A company’s culture is like an ecosystem involving a complex network, which includes employees, and the technology, systems, etc with which we need to work.
Just like that, we have variations of individual’s personalities, as business culture can vary from company to company. That’s why some people fit into one particular working environment, but not in others.
Cultural fit is basically just about pairing people with business culture.
Definition of Cultural Fit
A culturally fitting employee is someone who fits smoothly within the company’s organizational culture: the value systems, leadership structure, and practices of an organization.
Everything, from the way an employee interacts to their communication behaviors all shape the culture of an organization. You may need to witness how one toxic person can untie the threads that keep your company culture united.
This is the reason why the concept of cultural fit is so widespread today.
History of Cultural Fit
The history of cultural fit goes back to the 1980s.
According to the article, Guess Who Doesn’t Fit In at Work by researcher Lauren Rivera, “The original idea was that if companies hired individuals whose personalities and values – and not just their skills – meshed with an organization’s strategy, workers would feel more attached to their jobs, work harder and stay longer.”
In 2007, the Society for Industrial and Organizational Psychology also published a book “a collection of studies” on the topic of cultural fit in the workplace.
With the evolving research on cultural fit in academia, companies also have begun to draw their own interpretations and styles of hiring.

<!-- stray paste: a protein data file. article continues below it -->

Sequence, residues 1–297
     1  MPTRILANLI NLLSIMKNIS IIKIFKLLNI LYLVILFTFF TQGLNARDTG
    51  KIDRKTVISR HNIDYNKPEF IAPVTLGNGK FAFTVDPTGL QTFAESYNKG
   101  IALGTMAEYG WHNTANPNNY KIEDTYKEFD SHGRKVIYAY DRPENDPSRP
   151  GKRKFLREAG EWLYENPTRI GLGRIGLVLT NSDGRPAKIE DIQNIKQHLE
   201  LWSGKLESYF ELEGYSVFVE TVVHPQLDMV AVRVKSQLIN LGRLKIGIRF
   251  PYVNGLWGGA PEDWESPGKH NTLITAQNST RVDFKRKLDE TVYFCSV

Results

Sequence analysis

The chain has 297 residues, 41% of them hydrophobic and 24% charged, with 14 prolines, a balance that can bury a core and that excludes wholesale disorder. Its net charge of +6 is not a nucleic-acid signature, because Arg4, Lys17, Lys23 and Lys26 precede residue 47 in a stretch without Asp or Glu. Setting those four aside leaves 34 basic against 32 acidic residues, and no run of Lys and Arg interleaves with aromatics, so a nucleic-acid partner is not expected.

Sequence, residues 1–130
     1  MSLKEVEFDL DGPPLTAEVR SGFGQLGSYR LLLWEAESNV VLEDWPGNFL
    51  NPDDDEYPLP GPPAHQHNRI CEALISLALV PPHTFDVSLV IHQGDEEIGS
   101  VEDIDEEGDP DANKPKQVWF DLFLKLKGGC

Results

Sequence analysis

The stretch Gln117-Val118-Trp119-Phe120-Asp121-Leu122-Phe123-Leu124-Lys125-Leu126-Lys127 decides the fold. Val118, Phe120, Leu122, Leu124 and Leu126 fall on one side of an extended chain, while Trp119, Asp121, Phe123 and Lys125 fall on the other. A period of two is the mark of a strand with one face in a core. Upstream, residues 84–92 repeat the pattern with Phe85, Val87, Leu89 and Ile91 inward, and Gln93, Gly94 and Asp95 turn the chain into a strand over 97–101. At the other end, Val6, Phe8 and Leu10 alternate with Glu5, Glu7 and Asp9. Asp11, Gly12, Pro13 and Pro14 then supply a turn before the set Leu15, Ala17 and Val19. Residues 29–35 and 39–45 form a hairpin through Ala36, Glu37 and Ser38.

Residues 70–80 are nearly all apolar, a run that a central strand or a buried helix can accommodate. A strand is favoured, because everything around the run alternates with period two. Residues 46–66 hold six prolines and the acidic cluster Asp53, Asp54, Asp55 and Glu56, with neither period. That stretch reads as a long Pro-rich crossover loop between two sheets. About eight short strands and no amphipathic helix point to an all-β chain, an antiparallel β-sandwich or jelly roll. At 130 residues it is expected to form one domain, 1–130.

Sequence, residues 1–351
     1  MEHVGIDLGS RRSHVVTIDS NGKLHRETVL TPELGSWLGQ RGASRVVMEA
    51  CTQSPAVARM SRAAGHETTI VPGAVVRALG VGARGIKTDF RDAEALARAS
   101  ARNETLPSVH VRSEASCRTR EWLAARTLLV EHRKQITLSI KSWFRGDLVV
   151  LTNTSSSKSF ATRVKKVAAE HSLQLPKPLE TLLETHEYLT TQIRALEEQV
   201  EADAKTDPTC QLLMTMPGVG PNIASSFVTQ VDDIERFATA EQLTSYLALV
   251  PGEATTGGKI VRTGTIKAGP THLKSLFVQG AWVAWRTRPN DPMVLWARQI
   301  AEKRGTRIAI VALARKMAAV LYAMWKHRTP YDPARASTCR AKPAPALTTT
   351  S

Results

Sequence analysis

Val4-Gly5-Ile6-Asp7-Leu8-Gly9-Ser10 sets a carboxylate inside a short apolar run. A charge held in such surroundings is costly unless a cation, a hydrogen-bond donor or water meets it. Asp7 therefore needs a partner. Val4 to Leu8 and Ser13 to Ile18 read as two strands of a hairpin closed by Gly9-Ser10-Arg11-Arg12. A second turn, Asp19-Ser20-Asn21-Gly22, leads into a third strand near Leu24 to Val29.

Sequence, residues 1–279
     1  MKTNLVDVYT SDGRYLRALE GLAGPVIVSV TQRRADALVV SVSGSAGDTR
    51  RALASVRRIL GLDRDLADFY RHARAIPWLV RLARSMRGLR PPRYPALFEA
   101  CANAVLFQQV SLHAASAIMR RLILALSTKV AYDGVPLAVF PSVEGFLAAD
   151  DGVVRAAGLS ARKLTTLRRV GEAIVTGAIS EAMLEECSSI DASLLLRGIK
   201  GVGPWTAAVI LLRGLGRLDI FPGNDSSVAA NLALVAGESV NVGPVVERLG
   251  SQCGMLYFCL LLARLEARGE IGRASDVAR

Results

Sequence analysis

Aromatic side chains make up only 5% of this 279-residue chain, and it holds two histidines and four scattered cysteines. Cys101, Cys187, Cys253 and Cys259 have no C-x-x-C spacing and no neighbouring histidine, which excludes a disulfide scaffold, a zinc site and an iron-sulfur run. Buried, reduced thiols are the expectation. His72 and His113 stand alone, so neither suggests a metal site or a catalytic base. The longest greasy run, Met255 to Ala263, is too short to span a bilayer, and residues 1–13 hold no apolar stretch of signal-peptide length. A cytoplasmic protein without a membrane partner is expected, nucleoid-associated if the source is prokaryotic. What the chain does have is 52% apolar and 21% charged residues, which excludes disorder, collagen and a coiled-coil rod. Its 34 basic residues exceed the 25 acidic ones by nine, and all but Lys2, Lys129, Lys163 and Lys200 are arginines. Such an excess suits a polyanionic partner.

Why Culture Fit is important?
Prioritization of cultural fit is beneficial for both employees and employers. As an employer, you would want to hire someone who shares the company’s goals, and priorities. Therefore, the stakes of finding a cultural fit are pretty high.
If a company doesn’t have a great cultural fit with its employees it will likely have trouble with leadership and disagreements within the organization about its values. It may break an organization’s efficiency, at its worst. And at best, you may have someone who is difficult to communicate with or disagrees with the company’s overall mission.
Cultural Fit Interview Questions
Here are few sample interview questions that may help you to assess whether the candidate will be a good match with your workplace culture and environment for other employees.
- Do you prefer, working alone or in a team?
- How would you describe your work style?
- In what kind of work environment are you most productive and happy.
- How much time would you be able to allocate to working alone or in a team?
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